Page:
It may have taken a little bit of prodding — a little ‘you-want-me-to-do-what?’ and a lot of faith — but in the end, Congressman John Lewis  agreed to go along with staffer Andrew Aydin’s out-of-the-box idea. The result: March (Book 1)  — the first of a three-part graphic novel autobiography chronicling Lewis’ life and the Civil Rights Movement.
“The story of the movement that we tell is very much John Lewis’ story in this first book,” Aydin said. “It is a story of him growing up poor, on a farm, and it builds to a climax of the national sit-in movement.”
Lewis certainly has a lot to tell. He and other activists famously were beaten  by police on the Edmund Pettus Bridge in Selma, Ala., in 1965 during an attempted march for voting rights — an event that became known as “Bloody Sunday.” He served as chairman of the Student Nonviolent Coordinating Committee during the height of the movement, spoke at the historic March on Washington alongside Dr. Martin Luther King, Jr., and was instrumental in the passage of the Voting Rights Act of 1965.
Aydin, who co-wrote the book with Congressman Lewis, and illustrator Nate Powell sat down with Sojourners to explain how the series came about and why it is such an important story these 50 years later.
The book has already received advance praise from President Bill Clinton, who noted the historical significance of the story:
I’m so pleased that [Lewis] is sharing his memories of the Civil Rights Movement with America’s young leaders. In March, he brings a whole new generation with him across the Edmund Pettus Bridge, from a past of clenched fists into a future of outstretched hands.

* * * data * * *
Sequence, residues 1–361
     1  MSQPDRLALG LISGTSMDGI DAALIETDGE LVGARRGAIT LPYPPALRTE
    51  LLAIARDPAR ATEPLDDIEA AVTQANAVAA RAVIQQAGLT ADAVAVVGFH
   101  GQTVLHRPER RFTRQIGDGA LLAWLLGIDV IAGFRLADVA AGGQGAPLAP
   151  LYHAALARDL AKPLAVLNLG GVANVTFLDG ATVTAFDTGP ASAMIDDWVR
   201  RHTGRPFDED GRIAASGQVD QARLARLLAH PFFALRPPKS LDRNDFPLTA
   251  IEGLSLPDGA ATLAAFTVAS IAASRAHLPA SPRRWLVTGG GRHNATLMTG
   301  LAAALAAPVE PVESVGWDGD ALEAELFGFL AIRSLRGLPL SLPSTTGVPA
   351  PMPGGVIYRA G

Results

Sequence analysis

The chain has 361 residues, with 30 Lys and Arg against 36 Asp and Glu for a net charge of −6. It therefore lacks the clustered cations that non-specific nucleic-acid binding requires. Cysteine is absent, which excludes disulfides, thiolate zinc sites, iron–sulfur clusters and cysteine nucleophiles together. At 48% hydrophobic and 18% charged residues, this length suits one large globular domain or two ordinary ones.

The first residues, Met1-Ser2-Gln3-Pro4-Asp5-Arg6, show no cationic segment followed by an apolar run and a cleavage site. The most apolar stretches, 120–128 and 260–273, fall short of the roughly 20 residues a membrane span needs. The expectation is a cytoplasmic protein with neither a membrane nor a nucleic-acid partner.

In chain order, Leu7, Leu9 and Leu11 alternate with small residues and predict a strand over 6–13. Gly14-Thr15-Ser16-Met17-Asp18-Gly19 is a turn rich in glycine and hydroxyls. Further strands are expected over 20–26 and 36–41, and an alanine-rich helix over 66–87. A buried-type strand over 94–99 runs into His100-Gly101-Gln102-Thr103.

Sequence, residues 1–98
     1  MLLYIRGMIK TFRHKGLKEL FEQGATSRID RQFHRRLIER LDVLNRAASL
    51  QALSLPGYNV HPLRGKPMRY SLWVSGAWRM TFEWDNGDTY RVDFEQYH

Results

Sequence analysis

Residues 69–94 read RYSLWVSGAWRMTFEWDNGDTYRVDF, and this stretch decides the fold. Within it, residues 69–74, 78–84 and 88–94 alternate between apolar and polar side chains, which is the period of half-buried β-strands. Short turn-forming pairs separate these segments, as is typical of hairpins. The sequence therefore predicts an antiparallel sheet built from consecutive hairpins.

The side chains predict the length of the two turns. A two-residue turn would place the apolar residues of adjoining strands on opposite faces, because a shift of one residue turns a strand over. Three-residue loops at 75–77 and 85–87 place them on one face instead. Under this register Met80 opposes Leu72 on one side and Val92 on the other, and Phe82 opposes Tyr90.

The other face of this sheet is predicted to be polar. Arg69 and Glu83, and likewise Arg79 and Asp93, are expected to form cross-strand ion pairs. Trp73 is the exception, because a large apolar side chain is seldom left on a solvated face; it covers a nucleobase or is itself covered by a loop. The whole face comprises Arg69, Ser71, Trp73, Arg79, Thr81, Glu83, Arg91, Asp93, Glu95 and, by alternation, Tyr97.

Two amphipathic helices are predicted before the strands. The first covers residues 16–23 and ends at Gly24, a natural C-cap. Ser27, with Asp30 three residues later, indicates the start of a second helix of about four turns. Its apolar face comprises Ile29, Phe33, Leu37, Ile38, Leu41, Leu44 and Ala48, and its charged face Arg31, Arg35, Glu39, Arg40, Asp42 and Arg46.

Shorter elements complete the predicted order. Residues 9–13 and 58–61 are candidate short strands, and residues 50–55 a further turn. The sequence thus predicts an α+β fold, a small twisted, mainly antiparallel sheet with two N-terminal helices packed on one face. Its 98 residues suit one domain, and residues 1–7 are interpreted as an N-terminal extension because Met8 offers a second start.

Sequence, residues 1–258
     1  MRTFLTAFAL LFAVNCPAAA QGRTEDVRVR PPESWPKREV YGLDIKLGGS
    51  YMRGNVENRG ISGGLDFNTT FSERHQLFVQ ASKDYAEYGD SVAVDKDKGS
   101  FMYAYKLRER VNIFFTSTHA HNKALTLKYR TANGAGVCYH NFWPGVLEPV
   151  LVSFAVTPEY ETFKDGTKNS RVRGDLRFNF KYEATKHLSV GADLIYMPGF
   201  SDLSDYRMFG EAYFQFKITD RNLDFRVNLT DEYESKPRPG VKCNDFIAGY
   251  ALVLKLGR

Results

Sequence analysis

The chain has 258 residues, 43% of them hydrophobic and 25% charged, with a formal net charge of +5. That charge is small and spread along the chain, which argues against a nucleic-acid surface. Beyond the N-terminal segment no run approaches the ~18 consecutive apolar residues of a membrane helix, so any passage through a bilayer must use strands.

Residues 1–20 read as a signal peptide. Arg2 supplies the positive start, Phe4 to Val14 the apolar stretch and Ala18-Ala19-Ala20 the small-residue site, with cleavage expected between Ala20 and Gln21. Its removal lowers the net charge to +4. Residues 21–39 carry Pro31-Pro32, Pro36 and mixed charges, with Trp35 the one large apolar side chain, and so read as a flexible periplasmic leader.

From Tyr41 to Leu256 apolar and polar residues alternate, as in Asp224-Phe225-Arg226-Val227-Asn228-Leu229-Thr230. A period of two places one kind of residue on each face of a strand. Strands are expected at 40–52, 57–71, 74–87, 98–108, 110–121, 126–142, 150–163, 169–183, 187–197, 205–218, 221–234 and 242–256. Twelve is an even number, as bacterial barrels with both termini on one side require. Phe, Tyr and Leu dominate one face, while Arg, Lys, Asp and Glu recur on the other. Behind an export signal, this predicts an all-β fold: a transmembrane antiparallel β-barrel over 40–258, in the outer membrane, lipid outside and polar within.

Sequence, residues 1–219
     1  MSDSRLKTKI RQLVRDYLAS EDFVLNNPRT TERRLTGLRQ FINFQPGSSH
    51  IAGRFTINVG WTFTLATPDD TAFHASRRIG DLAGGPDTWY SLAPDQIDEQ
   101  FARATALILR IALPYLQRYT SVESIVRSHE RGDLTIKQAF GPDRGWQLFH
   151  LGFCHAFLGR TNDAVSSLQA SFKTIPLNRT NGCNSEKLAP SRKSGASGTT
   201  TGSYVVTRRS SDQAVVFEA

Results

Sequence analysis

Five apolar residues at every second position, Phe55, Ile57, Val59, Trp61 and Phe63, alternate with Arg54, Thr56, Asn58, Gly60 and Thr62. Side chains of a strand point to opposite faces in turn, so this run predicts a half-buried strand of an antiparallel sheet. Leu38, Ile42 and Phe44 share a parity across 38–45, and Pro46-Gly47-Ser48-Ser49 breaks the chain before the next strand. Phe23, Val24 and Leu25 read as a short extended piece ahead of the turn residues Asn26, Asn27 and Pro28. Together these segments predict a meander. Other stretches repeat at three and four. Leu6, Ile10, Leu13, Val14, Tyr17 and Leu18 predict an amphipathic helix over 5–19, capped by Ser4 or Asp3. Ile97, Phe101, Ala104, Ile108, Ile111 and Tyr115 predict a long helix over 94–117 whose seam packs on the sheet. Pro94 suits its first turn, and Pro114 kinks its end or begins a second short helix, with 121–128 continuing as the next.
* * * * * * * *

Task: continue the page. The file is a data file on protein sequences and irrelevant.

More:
The book releases on Aug. 13, about two weeks before the 50th anniversary  of the March on Washington.
Aydin and Powell recently accompanied Lewis on the Faith and Politics Institute’s Civil Rights Pilgrimage to Alabama , where the pair was able to immerse in the movement’s scene. There, they heard first-hand accounts from civil rights luminaries, witnessed the Chief of the Montgomery Police Department apologize to Lewis on behalf of the department , marched with Lewis and Vice President Joe Biden across the Edmund Pettus Bridge, and toured historic sites like King’s parsonage.
“I guess one of the most powerful experiences I was having in relation to his story and to the script was just the reality check — was that 10 or 15 years separating our lifetimes is nothing,” Powell said.
Now a whole new generation — and a new demographic of graphic novel enthusiasts — has access to the Civil Rights story.
“I know that [Lewis] won’t be around forever, but I hope these stories are because they should never be lost. They’re too important to our society, for our culture, and to our nation’s identity,” Aydin said.
Sandi Villarreal is Web Editor & Director of Online Media for Sojourners. Brandon Hook is Online Assistant for Sojourners.